'Detroit of the East' powers along

Updated: 2012-03-13 08:16

By Qu Yingpu and Xu Xiaomin in Shanghai (China Daily)

  Print Mail Large Medium  Small 分享按钮 0

'Detroit of the East' powers along

 'Detroit of the East' powers along

Factory workers assemble Roewe 550s sedans on the production line at the auto plant of Shanghai Automotive Industry Corp (Group) in Jiading, Shanghai. Provide to China Daily

'Detroit of the East' powers along

Jiading, home of Shanghai Automotive Industry Corp (Group), maker of China's first "Shanghai" sedan, which used to rule the roads, has always been proud of its heritage as a key auto town in the Yangtze River Delta region.

Jiading, an 800-year-old district northwest of the city center, now aims to transform itself into an auto hub with a complete industrial chain.

"The district aims to cover every major part of the auto industry, instead of being a car manufacturing base like other cities," said Ma Chunlei, head of Jiading district.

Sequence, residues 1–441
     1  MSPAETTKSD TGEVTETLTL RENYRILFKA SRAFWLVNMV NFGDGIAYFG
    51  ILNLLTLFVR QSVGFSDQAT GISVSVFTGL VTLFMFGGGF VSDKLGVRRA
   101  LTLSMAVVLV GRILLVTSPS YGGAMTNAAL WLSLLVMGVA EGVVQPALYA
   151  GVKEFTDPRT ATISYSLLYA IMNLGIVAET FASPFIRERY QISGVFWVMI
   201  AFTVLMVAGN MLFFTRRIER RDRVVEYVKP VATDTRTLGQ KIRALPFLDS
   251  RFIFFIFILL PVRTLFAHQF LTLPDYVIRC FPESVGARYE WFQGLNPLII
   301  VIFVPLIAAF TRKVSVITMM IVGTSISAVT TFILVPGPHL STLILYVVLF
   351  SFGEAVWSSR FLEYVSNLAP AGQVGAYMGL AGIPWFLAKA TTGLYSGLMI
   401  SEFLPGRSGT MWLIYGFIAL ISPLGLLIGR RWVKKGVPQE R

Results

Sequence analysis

"We aim to cover everything from the manufacturing of cars and components, to research and development, design, sales, and the training of the next generation of executives, engineers and designers," said Ma.

In doing this, he added, "We will also place great emphasis on the development of culture and sports in our district."

SAIC has moved on to bigger things, manufacturing a highly popular range of cars in a joint venture with Volkswagen of Germany, in addition to its own branded automobiles. It has also entered into a car production joint venture with US giant General Motors.

The company acquired several British marques and shifted production to its factories in Jiading. Sales of these cars, including Roewe and MG, are said to be brisk. In addition, SAIC has offshoots in Nanjing and other locations, producing commercial vehicles, earth-moving machines and auto parts.

Building on this solid foundation, authorities in this "Detroit of the East" want to realize their ambition of diversifying the district's industrial base.

Ma, who has been head of the district for less than six months, has a clear picture of Jiading's future. He said that in terms of the industrial chain and the value-added chain, Jiading enjoys a distinct advantage over other Chinese auto manufacturing bases, including Changchun in Jilin province and Shiyan in Hubei.